Rates ris­ing sharply; choices will narrow

Daily Freeman (Kingston, NY) - - FRONT PAGE -

Pre­mi­ums will go up sharply next year un­der Pres­i­dent Barack Obama’s health care law, and many con­sumers will be down to just one in­surer, the ad­min­is­tra­tion con­firmed Mon­day. That will stoke an­other Oba­macare con­tro­versy days be­fore the pres­i­den­tial elec­tion.

Be­fore the tax­payer-pro­vided sub­si­dies that many clients re­ceive, pre­mi­ums for a mi­dlevel bench­mark plan will in­crease an av­er­age of 25 per­cent across the 39 states served by the fed­er­ally run on­line mar­ket, ac­cord­ing to a re­port from the De­part­ment of Health and Hu­man Ser­vices.

More­over, about one in five con­sumers will

only have plans from a sin­gle in­surer to pick from be­cause ma­jor na­tional car­ri­ers such as Unit­edHealth Group, Hu­mana and Aetna have scaled back their roles.

“Con­sumers will be faced this year with not only big pre­mium in­creases but also with a de­clin­ing num­ber of in­sur­ers par­tic­i­pat­ing, and that will lead to a tu­mul­tuous open en­roll­ment pe­riod,” said Larry Le­vitt, who tracks the health care law for the non­par­ti­san Kaiser Fam­ily Foun­da­tion.

Repub­li­cans will pounce on the numbers as con­fir­ma­tion that in­surance markets cre­ated by the 2010 health over­haul are on the verge of col­laps­ing in a “death spi­ral.” Sign-up sea­son starts Nov. 1, about a week be­fore na­tional elec­tions in which the GOP re­mains

com­mit­ted to a full re­peal. Win­dow shop­ping for plans and pre­mi­ums is al­ready avail­able through Health­Care.gov.

The sober­ing numbers con­firmed state-by-state re­ports that have been com­ing in for months. Ad­min­is­tra­tion of­fi­cials are stress­ing that sub­si­dies pro­vided un­der the law, which are de­signed to rise along­side pre­mi­ums, will in­su­late most cus­tomers from sticker shock. They add that con­sumers who are will­ing to switch to cheaper plans will still be able to find bar­gains.

“Head­line rates are gen­er­ally ris­ing faster than in pre­vi­ous years,” ac­knowl­edged HHS spokesman Kevin Griffis. But he added that for most con­sumers, “head­line rates are not what they pay.”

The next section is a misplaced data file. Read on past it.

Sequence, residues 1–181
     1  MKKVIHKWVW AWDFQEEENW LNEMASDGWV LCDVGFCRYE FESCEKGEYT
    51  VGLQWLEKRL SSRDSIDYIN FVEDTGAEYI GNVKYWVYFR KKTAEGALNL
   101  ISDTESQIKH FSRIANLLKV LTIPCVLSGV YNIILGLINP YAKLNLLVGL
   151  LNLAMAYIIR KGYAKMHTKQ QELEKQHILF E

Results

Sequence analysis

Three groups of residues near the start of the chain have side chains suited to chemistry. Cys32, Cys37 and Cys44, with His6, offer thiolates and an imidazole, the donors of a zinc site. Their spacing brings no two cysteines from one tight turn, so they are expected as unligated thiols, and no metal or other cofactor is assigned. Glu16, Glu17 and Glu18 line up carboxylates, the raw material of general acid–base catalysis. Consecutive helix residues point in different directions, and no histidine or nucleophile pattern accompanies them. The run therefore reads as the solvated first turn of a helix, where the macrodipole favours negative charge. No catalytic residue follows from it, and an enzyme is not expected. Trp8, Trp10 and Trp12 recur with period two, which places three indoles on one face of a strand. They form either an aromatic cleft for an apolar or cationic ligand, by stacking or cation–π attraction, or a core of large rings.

The vast ma­jor­ity of the more than 10 mil­lion cus­tomers who pur­chase through Health­Care.gov and its state-run coun­ter­parts do re­ceive gen­er­ous

fi­nan­cial as­sis­tance. “En­roll­ment is con­cen­trated among very low-in­come in­di­vid­u­als who re­ceive sig­nif­i­cant govern­ment sub­si­dies to re­duce pre­mi­ums and cost-shar­ing,” said Caro­line Pear­son of the con­sult­ing firm Avalere Health.

But an es­ti­mated 5 mil­lion to 7 mil­lion peo­ple are ei­ther not el­i­gi­ble for the in­come-based as­sis­tance, or they buy in­di­vid­ual poli­cies out­side of the health law’s markets, where the sub­si­dies are not avail­able. The ad­min­is­tra­tion is urg­ing the lat­ter group to check out Health­Care. gov. The spike in pre­mi­ums gen­er­ally does not af­fect the em­ployer-pro­vided plans that most work­ers and their fam­i­lies rely on.

In some states, the pre­mium in­creases are strik­ing. In Ari­zona, un­sub­si­dized pre­mi­ums for a 27-year-old buy­ing a bench­mark “sec­ond-low­est cost sil­ver plan” will jump by 116 per­cent, from

$196 to $422, ac­cord­ing to the ad­min­is­tra­tion re­port. Ok­la­homa has the next big­gest in­crease for a sim­i­larly si­t­u­ated cus­tomer, 69 per­cent.

Dwin­dling choice is an­other prob­lem fac­tor.

The to­tal num­ber of Health­Care.gov in­sur­ers will drop from 232 this year to 167 in 2017, a loss of 28 per­cent. (In­sur­ers are counted mul­ti­ple times if they of­fer cov­er­age in more than one state. So Aetna, for ex­am­ple, would count once in each state that it par­tic­i­pated in.)

Switching in­sur­ers may not be sim­ple for pa­tients with chronic con­di­tions.

While many car­ri­ers are of­fer­ing a choice of plan de­signs, most use a sin­gle pre­scrip­tion for­mu­lary and physi­cian net­work across all their prod­ucts, Pear­son ex­plained. “So, en­rollees may need to change doc­tors or drugs when they switch in­sur­ers,” he said.

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